I am a firm believer that chefs and butchers are technicians of nature’s bounty. If there was ever an ideology to adapt from the Italian kitchen, it is that of respect for ingredients.
Understanding the ingredient in order to unlock its full potential is my true goal with meat and cured meats. A good salami can be made with conventional pork. An excellent salami can only be made with excellent pork. So what is excellent pork? For me, its an ethically-raised animal that has been cared for throughout the duration of its entire life where details such as feed, outdoor space, and stress-levels, are taken into careful consideration. Working with farmers such as John and Jason opened my eyes to the possibilities of local meats in this province. It gives me great joy to move forward and continue advocating for small local farms and showing Canada what Ontario has to offer.
I began my career in the meat industry as a burger maker at a local high-end butcher shop. Watching the experienced butchers work with whole animals sparked a curiosity in me that was the starting point from which my passion for butchery grew. It is here that I trained under Head Butcher Paul Bradshaw. Paul’s raw talent mixed with his dedication for sharing that talent led to my skill development in working with whole animals and acquiring as much knowledge as possible on various farming practices. A good butcher should know how the farm contributes to the meal eaten by the customer. Sure, the cooking matters. And sure, the cutting matters too. But the farming matters most.
I furthered my training as the Head Butcher/Production Manager at Dolce Lucano, a small-scale dry-cured meat processing facility (Italians call it a Salumificio). It was there that I learned both the artistry of meat preservation and the shortfalls of the factory farming system. In 2014, the PED (Porcine Epidemic Diarrhea) epidemic in the U.S. and Ontario compromised many pig herds and caused the price of commodity pork to skyrocket. The demand didn’t go away, but the supply did. The instability of the commodity meat market at that time gave me an opportunity to demonstrate to my mentor (John Zagaria of Dolce Lucano) how buying pork from small local farms would not only reduce his costs, but would increase the quality of the products overall.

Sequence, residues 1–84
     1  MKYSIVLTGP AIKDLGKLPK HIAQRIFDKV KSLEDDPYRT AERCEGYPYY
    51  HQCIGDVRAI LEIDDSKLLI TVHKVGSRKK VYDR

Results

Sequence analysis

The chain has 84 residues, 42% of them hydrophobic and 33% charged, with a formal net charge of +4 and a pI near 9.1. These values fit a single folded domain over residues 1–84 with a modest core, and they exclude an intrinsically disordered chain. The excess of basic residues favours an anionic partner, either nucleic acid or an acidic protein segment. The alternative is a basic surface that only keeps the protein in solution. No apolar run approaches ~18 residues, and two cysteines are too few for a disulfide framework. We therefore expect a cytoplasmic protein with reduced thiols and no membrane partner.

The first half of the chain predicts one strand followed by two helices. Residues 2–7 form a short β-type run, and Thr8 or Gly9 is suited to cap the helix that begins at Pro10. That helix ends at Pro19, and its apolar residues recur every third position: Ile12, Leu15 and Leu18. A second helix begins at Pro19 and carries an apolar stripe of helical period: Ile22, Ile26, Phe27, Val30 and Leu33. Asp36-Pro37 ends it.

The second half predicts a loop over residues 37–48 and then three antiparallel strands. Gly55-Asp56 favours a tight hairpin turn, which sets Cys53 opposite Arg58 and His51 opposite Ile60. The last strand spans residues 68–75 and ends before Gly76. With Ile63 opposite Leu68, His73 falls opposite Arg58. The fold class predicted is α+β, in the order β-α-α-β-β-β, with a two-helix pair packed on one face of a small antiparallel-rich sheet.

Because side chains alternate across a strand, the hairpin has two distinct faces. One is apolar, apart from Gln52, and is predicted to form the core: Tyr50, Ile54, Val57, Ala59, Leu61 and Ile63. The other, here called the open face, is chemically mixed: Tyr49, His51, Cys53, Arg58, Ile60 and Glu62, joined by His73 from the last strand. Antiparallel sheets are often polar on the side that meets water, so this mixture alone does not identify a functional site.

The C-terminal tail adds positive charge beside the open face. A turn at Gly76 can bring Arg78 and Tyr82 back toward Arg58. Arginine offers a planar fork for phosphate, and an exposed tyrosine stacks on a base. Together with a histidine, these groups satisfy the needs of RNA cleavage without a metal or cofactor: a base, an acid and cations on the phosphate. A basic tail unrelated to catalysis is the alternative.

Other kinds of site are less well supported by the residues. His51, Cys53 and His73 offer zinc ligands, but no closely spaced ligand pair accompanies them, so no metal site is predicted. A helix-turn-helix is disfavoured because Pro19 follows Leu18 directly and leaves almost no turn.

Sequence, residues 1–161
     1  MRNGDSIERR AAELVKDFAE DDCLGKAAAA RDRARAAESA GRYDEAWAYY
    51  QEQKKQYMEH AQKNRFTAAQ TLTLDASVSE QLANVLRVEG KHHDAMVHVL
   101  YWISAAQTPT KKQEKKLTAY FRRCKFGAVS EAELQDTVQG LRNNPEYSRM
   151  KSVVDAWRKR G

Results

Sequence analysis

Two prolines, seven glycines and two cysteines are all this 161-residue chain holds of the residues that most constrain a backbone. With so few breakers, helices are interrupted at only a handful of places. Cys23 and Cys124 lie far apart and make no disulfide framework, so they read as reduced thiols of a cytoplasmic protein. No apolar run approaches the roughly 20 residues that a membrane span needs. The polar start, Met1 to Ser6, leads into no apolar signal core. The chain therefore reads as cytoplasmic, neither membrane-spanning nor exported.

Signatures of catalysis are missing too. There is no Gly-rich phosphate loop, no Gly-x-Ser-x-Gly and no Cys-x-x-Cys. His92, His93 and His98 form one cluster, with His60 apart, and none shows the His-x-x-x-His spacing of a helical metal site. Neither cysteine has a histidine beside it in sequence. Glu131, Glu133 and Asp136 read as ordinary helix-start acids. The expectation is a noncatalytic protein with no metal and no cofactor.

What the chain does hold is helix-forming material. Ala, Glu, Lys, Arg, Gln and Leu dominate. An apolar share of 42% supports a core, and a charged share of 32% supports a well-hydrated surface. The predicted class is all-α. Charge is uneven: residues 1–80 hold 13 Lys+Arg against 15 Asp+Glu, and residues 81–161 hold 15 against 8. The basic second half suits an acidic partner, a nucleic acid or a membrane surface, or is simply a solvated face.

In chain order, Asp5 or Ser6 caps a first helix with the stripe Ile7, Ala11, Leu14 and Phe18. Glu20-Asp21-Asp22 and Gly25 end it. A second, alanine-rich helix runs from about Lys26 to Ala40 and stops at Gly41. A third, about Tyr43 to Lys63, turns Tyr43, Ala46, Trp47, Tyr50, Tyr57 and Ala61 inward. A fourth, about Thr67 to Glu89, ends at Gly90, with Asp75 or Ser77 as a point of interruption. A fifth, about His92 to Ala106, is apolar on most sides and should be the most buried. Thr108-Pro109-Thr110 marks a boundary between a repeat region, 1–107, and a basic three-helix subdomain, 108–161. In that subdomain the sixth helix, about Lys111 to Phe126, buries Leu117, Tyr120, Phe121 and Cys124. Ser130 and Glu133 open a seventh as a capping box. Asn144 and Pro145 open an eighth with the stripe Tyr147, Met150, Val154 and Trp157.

My first pigs came from a gentleman named John Gerber from Tanjo Farms. John is a younger Mennonite who raises antibiotic, hormone, GMO-free white pigs in an open-concept barn in St. Jacobs Country. This change in raw material resulted in a completely different eating and flavour experience. Even how the product reacted to fermentation and salting made me realize that using pork this good was the future of making high-end cured meats that could rival that of Europe. From here I was introduced to Jason Kipfer, yet another Mennonite farmer who specializes in Heritage breed pork. Over the last three years, Jason and I have been researching, brain-storming and collaborating, in an effort to create a farming system that is both sustainable and produces great quality meat. As a result, chefs, butchers and other artisans are garnering some of the best cured-meat products available in the country.